This morning my prayer group came here for brunch. This afternoon I’ll be preparing treats for tomorrow morning’s coffee and donuts at church. This evening we’ll be having a guest for supper. It’s a good thing the garden is still handing over its gifts!

The brunch menu looked like this:
Stuffed roasted tomatoes
Corn and basil tart
Fruit salad
Cinnamon pecan rolls

I garnished the tomatoes with fresh parsley and the fruit salad with fresh mint. At this time of year when I’m very aware that a frost could mean the end of my herbs, I seem to more often remember to actually use them than during the rest of the year.

It certainly looked and smelled good when it was all ready. The only problem was with the stuffed tomatoes. At this time of year since we’ve had so little rain, the Roma and San Marzano tomatoes are less than plump. Nonetheless, I followed the recipe by cutting them in half, scooping out the seeds, marinating and roasting before stuffing. When I pulled them out of the oven, I saw that was a mistake. The tomatoes had flattened. I stuffed them, put them under the broiler and tasted. Everyone around the table agreed that even though they didn’t look beautiful, they definitely made the taste buds cheer. I’ll try them again for supper but I won’t roast them in advance.

Everything else was a hit so the group members more or less agreed on their rating. (Deb suggested upping the score simply because cinnamon rolls were on the menu.)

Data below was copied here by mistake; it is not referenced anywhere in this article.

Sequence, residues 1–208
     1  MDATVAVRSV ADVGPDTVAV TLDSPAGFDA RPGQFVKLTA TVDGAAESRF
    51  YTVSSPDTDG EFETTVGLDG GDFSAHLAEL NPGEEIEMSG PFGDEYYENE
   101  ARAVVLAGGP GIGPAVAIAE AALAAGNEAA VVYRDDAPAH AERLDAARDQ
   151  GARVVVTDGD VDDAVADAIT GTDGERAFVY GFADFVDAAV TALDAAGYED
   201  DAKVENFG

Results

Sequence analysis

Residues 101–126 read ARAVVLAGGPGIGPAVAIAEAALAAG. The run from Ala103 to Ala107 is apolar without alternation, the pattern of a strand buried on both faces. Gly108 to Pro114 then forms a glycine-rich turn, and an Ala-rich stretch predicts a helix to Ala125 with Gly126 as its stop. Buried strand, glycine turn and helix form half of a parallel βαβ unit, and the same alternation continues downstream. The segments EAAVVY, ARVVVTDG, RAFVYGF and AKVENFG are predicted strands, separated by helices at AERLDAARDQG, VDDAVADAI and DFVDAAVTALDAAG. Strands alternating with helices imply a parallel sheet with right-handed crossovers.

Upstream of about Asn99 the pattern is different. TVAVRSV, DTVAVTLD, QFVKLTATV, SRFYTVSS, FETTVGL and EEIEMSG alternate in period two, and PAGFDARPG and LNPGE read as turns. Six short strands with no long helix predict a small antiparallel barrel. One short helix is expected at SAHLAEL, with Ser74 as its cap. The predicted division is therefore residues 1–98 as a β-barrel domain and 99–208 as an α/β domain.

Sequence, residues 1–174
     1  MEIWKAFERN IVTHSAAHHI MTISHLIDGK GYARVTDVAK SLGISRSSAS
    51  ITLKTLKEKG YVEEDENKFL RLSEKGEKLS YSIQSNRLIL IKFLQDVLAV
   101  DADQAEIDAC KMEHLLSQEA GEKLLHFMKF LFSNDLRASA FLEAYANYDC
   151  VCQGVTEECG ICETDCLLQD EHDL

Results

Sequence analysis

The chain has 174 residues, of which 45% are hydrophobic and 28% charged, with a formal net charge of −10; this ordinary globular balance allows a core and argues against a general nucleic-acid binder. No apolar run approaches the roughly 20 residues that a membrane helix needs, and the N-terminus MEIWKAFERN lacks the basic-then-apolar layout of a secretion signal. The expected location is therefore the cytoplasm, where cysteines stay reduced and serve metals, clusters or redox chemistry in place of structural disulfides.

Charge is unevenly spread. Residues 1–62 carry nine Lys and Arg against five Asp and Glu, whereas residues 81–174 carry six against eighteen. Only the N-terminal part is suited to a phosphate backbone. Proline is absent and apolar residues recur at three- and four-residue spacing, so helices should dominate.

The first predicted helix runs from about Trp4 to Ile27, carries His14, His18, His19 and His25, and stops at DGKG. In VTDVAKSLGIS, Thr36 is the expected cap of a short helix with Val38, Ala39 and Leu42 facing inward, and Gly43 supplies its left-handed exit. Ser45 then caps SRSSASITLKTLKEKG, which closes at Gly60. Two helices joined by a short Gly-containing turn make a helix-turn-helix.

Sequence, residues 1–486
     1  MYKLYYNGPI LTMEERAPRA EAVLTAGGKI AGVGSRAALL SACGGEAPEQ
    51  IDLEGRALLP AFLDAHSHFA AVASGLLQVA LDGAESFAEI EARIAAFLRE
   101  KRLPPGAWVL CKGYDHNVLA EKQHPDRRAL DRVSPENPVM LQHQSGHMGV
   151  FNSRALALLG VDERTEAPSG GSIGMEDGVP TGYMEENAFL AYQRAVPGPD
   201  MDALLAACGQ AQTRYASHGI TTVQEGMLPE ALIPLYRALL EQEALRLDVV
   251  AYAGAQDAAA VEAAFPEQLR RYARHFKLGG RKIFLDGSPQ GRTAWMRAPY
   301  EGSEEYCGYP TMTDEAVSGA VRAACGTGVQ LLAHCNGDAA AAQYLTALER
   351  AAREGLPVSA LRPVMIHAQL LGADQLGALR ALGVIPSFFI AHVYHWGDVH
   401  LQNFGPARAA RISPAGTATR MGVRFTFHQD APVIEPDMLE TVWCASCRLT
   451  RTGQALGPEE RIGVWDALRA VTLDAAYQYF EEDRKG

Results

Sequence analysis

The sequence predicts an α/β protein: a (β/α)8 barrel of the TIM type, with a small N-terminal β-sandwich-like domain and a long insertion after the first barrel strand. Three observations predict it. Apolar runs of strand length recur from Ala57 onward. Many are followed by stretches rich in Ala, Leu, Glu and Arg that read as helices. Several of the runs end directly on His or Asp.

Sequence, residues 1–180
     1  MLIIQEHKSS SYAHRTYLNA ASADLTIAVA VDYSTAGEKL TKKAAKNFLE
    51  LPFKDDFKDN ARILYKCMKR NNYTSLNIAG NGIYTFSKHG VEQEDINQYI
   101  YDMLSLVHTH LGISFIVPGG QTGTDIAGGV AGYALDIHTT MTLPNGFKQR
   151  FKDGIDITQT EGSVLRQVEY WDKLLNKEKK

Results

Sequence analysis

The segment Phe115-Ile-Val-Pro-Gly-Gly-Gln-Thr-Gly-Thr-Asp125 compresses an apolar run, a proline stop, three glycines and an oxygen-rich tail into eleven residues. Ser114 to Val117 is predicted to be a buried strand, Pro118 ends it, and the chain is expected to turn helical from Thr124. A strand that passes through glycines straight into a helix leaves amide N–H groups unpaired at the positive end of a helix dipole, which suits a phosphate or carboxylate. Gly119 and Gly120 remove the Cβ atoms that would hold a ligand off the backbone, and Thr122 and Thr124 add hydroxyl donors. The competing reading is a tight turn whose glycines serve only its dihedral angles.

Deb, Martha and Patti’s rating: 9

I’ll take it!

Friday, October 1, 2010

Reminders for the change of season

It’s seasonal acupuncture treatment time which means I got a “tune up” yesterday to deal with fall allergies along with a pep talk about diet from Doug McLaren, the acupuncturist. Although I eat a healthy diet I can always use a reminder from a professional about what I should and shouldn’t be putting into my body.

Today’s topic: caffeine and sugar. I’m not a huge consumer of caffeine. I like a cup of black or green tea when the mornings are chilly, as they’ve been recently. Sometimes I go for a second, or a glass of iced tea, in the afternoon for a little boost. Doug reminded me that caffeine can have a negative influence on the body. Allergies go along with inflammation. Caffeine, because it stresses the body, can exacerbate that inflammation.

Then there’s sugar. I learned a number of years ago that refined sugar can suppress the immune system, which also isn’t good if you’re fighting inflammation. Of course, knowing that and acting on it are not the same thing! I don’t have chocolate growing in my garden (if only!) but my chat with Doug reminded me that I do have butternut squash, which is wonderfully sweet, and it’s time to get to the orchard for some good apples.